3.5.8	Model Selection via auto.arima0	65
3.5.9	Diagnostics for ARIMA(p, d, q) Models	67
3.6	Seasonal Autoregressive Integrated Moving Average Models
(ARIMA(p, d, q)(P,D, Q)m)	67
3.6.1	Example—Modelling and Forecasting European
Quarterly Retail Trade	71
3.6.2	Example—Modelling Monthly Cortecosteroid Drug
Sales	72
3.7 ARLMA(p,d,q)(Pi D,Q)m Models with External Predictors 74
3.8	Assessing Model Accuracy on Hold-Out Data	77
Problem Set	81
II	Robust Parametric Inference	85
R, The Bootstrap and the Jackknife	87
Overview	87
Some Useful R Functions for Data-Driven Inference	87
4	Robust Parametric Inference	89
4.1	Overview	89
4.2	Analytical Versus Numerical, i.e., Data-Driven,	Procedures 90
4.2.1	Drawbacks of the Analytical Approach	91
4.2.2	An Illustrative Example—Testing for a	Unit	Root	91
4.3	Alternatives to Analytical Approaches	92
4.3.1	Motivating Example—Compute the Standard Error
of X	92
4.4	An Introduction to Efron's Bootstrap	93
4.4.1	Bootstrapping a Standard Error for the	Sample	Mean 93
4.4.2	Bootstrap Implementations in R	94
4.5	Jackknifing—Background and Motivating Example	95
4.6	Jackknife and Bootstrap Estimates of Bias	97
4.7	To Bootstrap or Jackknife?	99
CONTENTS	ix
4.8	Data-Driven Covariance Matrices	99
4.8.1	Bootstrap Heteroskedasticity Consistent Covariance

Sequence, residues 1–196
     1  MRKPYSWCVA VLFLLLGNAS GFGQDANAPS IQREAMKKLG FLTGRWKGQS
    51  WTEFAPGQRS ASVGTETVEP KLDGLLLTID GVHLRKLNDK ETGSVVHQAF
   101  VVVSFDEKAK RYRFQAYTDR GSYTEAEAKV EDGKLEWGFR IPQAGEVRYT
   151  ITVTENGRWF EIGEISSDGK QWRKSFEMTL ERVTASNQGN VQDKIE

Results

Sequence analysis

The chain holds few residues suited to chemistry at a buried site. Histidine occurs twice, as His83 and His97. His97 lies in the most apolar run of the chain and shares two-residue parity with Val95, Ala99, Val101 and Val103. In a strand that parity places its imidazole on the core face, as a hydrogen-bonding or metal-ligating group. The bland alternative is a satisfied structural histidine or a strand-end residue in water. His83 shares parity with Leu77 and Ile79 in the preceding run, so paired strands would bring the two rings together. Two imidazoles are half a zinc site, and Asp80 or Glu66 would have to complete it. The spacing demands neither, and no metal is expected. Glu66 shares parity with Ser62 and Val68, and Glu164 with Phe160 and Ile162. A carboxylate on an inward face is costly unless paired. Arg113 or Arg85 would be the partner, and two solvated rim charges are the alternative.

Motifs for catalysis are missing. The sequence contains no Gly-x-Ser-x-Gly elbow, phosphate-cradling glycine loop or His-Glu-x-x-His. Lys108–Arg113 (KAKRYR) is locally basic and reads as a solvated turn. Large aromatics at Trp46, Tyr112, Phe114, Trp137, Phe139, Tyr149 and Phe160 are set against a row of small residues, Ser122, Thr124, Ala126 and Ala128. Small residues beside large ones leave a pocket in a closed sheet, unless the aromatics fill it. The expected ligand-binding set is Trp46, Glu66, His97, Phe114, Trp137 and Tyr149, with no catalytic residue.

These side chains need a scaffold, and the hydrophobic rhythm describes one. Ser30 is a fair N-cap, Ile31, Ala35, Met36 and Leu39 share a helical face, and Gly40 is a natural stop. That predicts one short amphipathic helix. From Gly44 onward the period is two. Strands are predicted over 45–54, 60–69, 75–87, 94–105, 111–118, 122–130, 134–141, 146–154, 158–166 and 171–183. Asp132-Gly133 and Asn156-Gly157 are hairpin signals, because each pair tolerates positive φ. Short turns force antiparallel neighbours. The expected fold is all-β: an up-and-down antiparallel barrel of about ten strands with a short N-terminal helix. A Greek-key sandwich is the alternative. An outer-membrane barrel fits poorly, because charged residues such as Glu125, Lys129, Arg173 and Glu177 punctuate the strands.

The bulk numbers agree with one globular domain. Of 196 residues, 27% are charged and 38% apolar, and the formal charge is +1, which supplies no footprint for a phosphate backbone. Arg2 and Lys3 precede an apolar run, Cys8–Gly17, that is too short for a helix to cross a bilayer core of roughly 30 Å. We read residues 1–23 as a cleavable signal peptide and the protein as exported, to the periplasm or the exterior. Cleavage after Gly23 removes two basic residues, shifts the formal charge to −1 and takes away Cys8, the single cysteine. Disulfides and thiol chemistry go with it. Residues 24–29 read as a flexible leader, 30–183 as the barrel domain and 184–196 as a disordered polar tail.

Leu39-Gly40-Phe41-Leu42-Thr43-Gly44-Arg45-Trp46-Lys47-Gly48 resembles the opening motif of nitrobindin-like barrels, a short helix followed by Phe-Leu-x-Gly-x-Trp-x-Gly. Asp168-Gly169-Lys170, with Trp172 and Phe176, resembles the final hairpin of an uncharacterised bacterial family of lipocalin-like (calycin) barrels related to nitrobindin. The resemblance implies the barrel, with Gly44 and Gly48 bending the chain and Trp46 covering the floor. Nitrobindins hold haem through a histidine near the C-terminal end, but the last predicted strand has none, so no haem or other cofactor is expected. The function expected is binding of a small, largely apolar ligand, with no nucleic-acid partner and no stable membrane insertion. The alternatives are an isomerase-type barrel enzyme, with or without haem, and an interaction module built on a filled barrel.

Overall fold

Matrix Estimation	100
4.9	The Wild Bootstrap	102
4.10	Bootstrapping Dependent Processes	104
4.11	Bootstrap Confidence Intervals	105
4.11.1	Example—Nonparametric Confidence Intervals for
the Population Mean	106
4.12	Bootstrap Inference	108
4.12.1	How Many Bootstrap Replications?	109
4.12.2	Generating 0* Under the Null	110
4.12.3	Example—The Two-Sample Problem	111
4.12.4	Example—Regression-Based Bootstrap Inference	112
4.12.5	Example—Unit Root Testing	114
Problem Set	117
III	Robust Parametric Estimation	119
R and Robust Parametric Estimation	121
Overview	121
Some Useful R Functions for Robust Parametric Estimation	121
5	Robust Parametric Estimation	123
5.1	Overview	123
5.2	Robust Estimation Basics	124
5.2.1	Outlier	124
5.2.2	Breakdown Point	125
5.2.3	Sensitivity Curve	125
5.2.4	Contamination Neighborhoods	126
5.2.5	Influence Function	128
5.3	Unmasking Univariate Outliers	129
5.3.1	L\\ and Z,2-norm Estimators of Central Tendency	130
5.3.2	Robustness versus Efficiency	132
5.3.3	?-Estimator Methods	133
5.3.4	Optimal Robustness	135
5.3.5	Huber’s ?-Estimator of Location—A More Efficient
Robust Location Estimator than the Median	135
5.3.6	Rousseeuw and Croux’s Qn Estimator of Scale—A
More Efficient Robust Scale Estimator than MADn	137
5.3.7	Af-Estimators of Scale	139
5.3.8	Unmasking Univariate Outliers—The three-sigma
edit rule	142
X	CONTENTS
5.4	Unmasking Multivariate Outliers	142
5.5	Unmasking Regression Outliers	148
5.5.1	Outliers in the Y Direction	148
5.5.2	Outliers in the X Direction	150
5.5.3	Leverage Points	150
5.5.4	Dealing with Outlying Observations and Leverage
Points	152
5.6	Robust Regression	160
5.6.1	Robust Residuals and High Breakdown Diagnostics	164
5.7	Some Useful Points to Remember	165
Problem Set	167
IV	Model Uncertainty	171
R and Model Uncertainty	173
Overview	173
Some Useful R Functions for Model Uncertainty	173
6	Model Uncertainty	175
6.1	Overview	175
6.1.1	Model Selection References	176
6.1.2	Model Averaging References	176
6.1.3	Resources	177
6.2	A Reflection on Models and Data Generating	Processes	177